Review: ‘Alpocalypse’ by ‘Weird Al’ Yankovic

Logan J. Fowler checks out Weird Al’s latest and sees if the Alpocalypse was worth waiting for …


There are not many artists I listen to regularly. I’m actually semi-picky when it comes to music. But one artist I always listen to is “Weird Al” Yankovic, song parody king.


Five years after Al released Straight Outta Lynwood, which featured the massively popular parody of Chamillionaire’s “Ridin’ Dirty,” titled, “White & Nerdy,” Al has unleashed Alpocalypse, in where he parodies Taylor Swift, Rapper T.I., B.o.B., Miley Cyrus, Lady Gaga, and skewers Top 40 artists in his traditional Polka renditions of popular songs. 



Weird Al also breaks up the parodies with his original fare, where he channels such artists as Jack White and Jim Morrison of The Doors with “CNR” and “Craigslist,” respectively. Except for a couple of tunes, most fans could’ve heard/seen the rest of Al’s non-parody material (including the aforementioned ones) on youtube, dubbed “Internet Leaks.” 



Part of enjoying Alpocalyse would be in the fact that you are hearing all new material, but if you did check out those “Internet Leaks” like I did, then you are really getting only six brand new tracks on a 12-track album. Now, on the plus side, you finally get those tracks to put on your iPod or computer (if you haven’t downloaded them off YouTube), or sing along with in the car. Far be it from me to be selfish, but I was kind of bummed out when I checked out Alpocalypse’s track listing that I had heard a good chunk of the songs already. And for that matter, Al’s strength has always been in his parodies anyway, although original song “If That Isn’t Love” was pretty funny, and “Skipper Dan (Another Internet Leak)” while not new, is rather catchy. The rest of the original stuff is passable for the most part.



Previously mentioning Al’s strength, the parody portion of this album really is actually really weak. Now, I will always make excuses for the man in question that he is trying to parody mainstream music that is not the greatest to begin with. Yes, Taylor Swift and Miley Cyrus (Al parodies both “You Belong With Me” with “TMZ” and “Party In The U.S.A.” with “Party In The C.I.A.,”respectively) are extremely popular in the female circuit, and I’m sure Al has plenty of female fans, but my estimation is that his audience ranges from early-20s to at least early to mid- 40s. While I’m certain plenty of people in that age demographic know the songs or the artists, they aren’t widely loved artists like Al used to parody back in the day. Both parodies are okay, but nothing stellar. 



Besides those two, Al parodies T.I.’s “Whatever You Like,” with … “Whatever You Like (yes, same title),” poking fun at the economic state of our nation. Whereas the T.I. song has the rapper discussing how he is going to get fancy expensive stuff for his lady, Al woos with talk of Burger King, McDonald’s, and clipping coupons. While very silly, Al’s “Whatever You Like” seems somewhat behind the times to make full impact. 



Two parodies own the record. While not a straight-up parody, “Polkaface,” otherwise known as this album’s version of Al’s breaking down of popular songs in a polka format, is a lot of fun, and Al covers Britney Spears (“Womanizer”), Katy Perry (“I Kissed A Girl”), Pink (“So What”), Kid Cudi (“Day And Night”), Justin Bieber (“Baby”), and several others in this accordion accompanied song. “Polkaface,” I would say, is one of Al’s best polka parodies and a highlight on the album.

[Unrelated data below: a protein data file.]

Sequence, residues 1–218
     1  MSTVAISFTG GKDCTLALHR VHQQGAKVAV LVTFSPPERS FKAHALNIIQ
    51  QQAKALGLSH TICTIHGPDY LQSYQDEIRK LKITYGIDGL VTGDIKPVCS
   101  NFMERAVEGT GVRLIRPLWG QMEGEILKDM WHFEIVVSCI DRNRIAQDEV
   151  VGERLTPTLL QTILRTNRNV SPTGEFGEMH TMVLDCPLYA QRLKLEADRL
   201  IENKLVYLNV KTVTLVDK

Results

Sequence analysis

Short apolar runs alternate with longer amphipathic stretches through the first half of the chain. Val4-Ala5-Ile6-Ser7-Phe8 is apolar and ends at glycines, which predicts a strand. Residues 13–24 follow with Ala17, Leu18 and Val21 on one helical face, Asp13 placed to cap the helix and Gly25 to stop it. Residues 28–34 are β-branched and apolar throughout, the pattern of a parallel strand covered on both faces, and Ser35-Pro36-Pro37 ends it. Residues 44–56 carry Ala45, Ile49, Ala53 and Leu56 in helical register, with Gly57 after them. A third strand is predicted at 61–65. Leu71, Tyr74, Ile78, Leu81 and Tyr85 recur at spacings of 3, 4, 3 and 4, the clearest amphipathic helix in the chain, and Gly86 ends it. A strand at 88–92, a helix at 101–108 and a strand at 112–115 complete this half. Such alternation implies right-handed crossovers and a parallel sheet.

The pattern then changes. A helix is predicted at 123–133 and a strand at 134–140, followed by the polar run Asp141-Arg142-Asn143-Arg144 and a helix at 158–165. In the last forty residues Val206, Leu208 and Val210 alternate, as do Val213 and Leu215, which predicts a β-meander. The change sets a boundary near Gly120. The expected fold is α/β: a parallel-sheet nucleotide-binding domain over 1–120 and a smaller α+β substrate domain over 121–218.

Finally, the best song on the record has to go to Al’s take on Lady Gaga, titled “Perform This Way.” Al not only parodies the song but the artist herself, discussing Lady Gaga’s weird wardrobe choices (“I’d poke your eyes out with a dress like this”) and the singer’s zany ways. Al even quickly gets a jab in at Gaga for her song “Born This Way” sounding a lot like Madonna’s “Express Yourself.” While I don’t listen to Gaga at all, you’d have to be hiding under a rock to not know of this woman’s fashion choices. Al’s strongest tune on the album leads it off, but past that, except for a few exceptions, the album kind of suffers.


Does this mean I’ll stop buying Weird Al CDs? No, absolutely not. Like I mentioned before, time has not been kind to Al in finding really good music to parody. Gone are the days of Michael Jackson, Madonna, and instead the parody perfectionist has to settle for subpar mainstream music of today. You have to give him credit; he’s still giving it his all, which is highly commendable for a man in his early 50s. Even with the lackluster parodies featured on Alpocalypse, “Perform This Way” still proves the man has got it in him to place his finger on the pulse and make fun of it. If the album were released a few years back to be more on time with the jokes (“Craigslist, TMZ,” and “Whatever You Like” come to mind especially), Alpocalypse would be a riot. However, we wouldn’t get the Gaga parody with it, so you have to take the good with the bad, I guess. While Al’s latest is not a complete failure, it’s kind of a disappointment. Following up Straight Outta Lynwood would be no easy task, but Alpocalypse stands as one of Weird Al’s weakest albums in a rather awesome library. 









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